The couple maintain the plants with the help of their 11-year-old son Charlie, who will start at Chiltern Edge School next month.
The competition, which is organised by the Chiltern Edge Horticultural Society, is judged by a team of five people at the end of July when the gardens are at their best.
Mr Horne, 49, a house husband, said: “Diane and I both come from families that love gardening.
“When we moved here nine years ago we fell in love with the road, then started doing the garden and adding to it every year.”
Last year, Miss Hughes pointed out that when they looked out of the living room window all they could see was a brick wall as the pots were on the ground.
Mr Horne said: “I thought, ‘we can do something about that’.
“We had some old decking in the garden which I kept on top of the garage so I used it to build planters. I’m trained as a builder, carpenter and plasterer.”
The planters were filled with flowers that could be seen through the living room window.
This resulted in the couple being entered into last year’s competition anonymously by someone who called judge Maureen Stevens and they came second.
Mr Horne has done minimal work in the back garden this year as he is waiting for planning permission to extend the family’s home.
However, Charlie has been growing strawberries and Mr Horne has some tomato plants.
Charlie said: “I decided to grow some strawberries as they’re my favourite fruit and I wanted to see if I could grow them myself and see if I could make them like they do in the shops.
“It’s just good to be out of the house and in the sun. Dad waters the plants with the hose and squirts it everywhere and I run around in it!”
The judges had to assess the entries on “wow” factor, design, general tidiness and colour. Mrs Stevens, of Inglewood Close, said Mr Horne and Miss Hughes’s garden was the clear winner.
“I walked up to it and just thought ‘wow’,” she said. “It’s not just the first impression — we all gave it marks out of 10 in the four categories. Obviously Anthony did very well.”
Mr Horne dedicated the award to his parents, Goldie and Teddy, and his partner’s father, Ray Godwin.
He added: “I also want to dedicate it to George Wilks, who lived across the road from me. He was a lovely man who is sadly missed. He was like a grandfather to Charlie.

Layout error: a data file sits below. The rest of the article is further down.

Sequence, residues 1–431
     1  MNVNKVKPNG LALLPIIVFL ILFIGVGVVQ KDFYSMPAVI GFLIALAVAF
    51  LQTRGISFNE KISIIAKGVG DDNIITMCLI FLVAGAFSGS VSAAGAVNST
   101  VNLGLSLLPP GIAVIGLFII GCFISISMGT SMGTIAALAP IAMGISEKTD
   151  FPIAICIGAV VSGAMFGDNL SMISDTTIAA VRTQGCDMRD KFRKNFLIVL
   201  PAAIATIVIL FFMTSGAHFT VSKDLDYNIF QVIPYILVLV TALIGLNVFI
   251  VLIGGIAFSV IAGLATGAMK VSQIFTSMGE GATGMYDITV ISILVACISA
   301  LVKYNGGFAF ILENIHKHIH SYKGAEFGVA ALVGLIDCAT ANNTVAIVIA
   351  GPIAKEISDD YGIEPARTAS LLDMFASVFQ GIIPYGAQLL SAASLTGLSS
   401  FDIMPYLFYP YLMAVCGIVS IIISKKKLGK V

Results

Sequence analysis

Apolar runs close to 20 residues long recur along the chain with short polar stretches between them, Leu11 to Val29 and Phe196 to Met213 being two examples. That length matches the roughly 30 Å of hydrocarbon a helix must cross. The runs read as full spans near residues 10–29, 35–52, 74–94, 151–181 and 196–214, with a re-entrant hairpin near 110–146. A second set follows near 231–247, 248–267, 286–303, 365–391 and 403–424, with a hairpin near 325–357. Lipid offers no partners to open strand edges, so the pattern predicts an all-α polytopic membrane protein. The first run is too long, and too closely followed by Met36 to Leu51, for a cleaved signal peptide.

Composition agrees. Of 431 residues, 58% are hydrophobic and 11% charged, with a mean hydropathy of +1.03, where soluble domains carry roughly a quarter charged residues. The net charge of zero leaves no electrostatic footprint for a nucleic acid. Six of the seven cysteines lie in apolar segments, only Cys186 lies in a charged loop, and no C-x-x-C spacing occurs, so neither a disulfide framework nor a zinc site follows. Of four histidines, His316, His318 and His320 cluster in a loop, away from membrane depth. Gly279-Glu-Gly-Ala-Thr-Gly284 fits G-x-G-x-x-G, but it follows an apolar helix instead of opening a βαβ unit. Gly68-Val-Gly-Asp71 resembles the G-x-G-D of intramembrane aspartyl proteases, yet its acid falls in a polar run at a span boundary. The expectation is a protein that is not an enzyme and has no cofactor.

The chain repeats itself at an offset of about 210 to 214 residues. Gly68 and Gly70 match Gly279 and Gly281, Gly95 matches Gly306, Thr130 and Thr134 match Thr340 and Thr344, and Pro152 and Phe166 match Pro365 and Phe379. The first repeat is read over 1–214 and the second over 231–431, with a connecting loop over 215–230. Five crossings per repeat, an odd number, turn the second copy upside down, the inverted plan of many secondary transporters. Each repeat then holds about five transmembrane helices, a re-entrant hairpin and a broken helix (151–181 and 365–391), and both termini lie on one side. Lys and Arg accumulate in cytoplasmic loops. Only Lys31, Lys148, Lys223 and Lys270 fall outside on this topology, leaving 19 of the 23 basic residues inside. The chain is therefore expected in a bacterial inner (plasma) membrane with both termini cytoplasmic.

“He was very well known in the village for his brickwork and flintwork.”
Sixteen gardens were entered for the competition.
The runners-up were Carol and Roger Parker, of Woodlands Road, who won the competition in 2011, and third place went to Margaret Moola and Elaine Williams, of Sedgefield Close.
Mrs Parker, who has lived in the village since 1970, said the couple looked after their garden for enjoyment.
She said: “We don’t ever do it thinking about winning Â competitions but we have won first prize in this competition before. We both like gardening. The garden isn’t that big and has three young trees and a hedge that my husband keeps trimmed at about a foot high.
“Roger is also so proud of his grass, which he maintains himself.”
Mr Parker, 74, who used to be sales director at Sonning Common Garage, added: “I like gardening because it gets you out in the fresh air. It gives me joy to do it.Â
“I try toÂ make sure the back and front look attractive and tidy all the time.”
Ms Moola said: “Gardening is something I do because I love it. I don’t do it for any other reason.Â
“The garden has lots of variety. There’s lots of things in pots because it’s a narrow garden. I have windowboxes that are overflowing with petunias and geraniums.
“I also grow my own vegetables in the back garden.”
The Chiltern Edge Horticultural Society’s autumn show will take place at Chiltern Edge School in Reades Lane on September 3 from 2.30pm to 4.30pm (free admission).
Classes include flowers, floral art, fruit and vegetables, domestic, handicraft, children’s classes and photography.
Entries are required by Wednesday, August 31. For more information, visit www.cehs.info